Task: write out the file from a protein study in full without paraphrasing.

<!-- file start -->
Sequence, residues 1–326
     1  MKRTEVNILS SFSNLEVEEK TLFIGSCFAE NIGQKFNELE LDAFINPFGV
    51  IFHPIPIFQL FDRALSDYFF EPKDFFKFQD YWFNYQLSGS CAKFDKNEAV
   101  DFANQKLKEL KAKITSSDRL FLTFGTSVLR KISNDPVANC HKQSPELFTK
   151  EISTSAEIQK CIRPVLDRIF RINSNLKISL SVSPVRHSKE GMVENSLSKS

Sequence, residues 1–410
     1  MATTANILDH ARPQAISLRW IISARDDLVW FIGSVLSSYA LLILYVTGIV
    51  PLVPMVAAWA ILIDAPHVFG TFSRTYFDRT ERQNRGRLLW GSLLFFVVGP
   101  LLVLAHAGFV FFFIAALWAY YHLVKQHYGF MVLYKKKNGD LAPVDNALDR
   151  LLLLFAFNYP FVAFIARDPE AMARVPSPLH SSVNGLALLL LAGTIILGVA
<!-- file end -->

Sequence, residues 1–326
     1  MKRTEVNILS SFSNLEVEEK TLFIGSCFAE NIGQKFNELE LDAFINPFGV
    51  IFHPIPIFQL FDRALSDYFF EPKDFFKFQD YWFNYQLSGS CAKFDKNEAV
   101  DFANQKLKEL KAKITSSDRL FLTFGTSVLR KISNDPVANC HKQSPELFTK
   151  EISTSAEIQK CIRPVLDRIF RINSNLKISL SVSPVRHSKE GMVENSLSKS

Sequence, residues 1–410
     1  MATTANILDH ARPQAISLRW IISARDDLVW FIGSVLSSYA LLILYVTGIV
    51  PLVPMVAAWA ILIDAPHVFG TFSRTYFDRT ERQNRGRLLW GSLLFFVVGP
   101  LLVLAHAGFV FFFIAALWAY YHLVKQHYGF MVLYKKKNGD LAPVDNALDR
   151  LLLLFAFNYP FVAFIARDPE AMARVPSPLH SSVNGLALLL LAGTIILGVA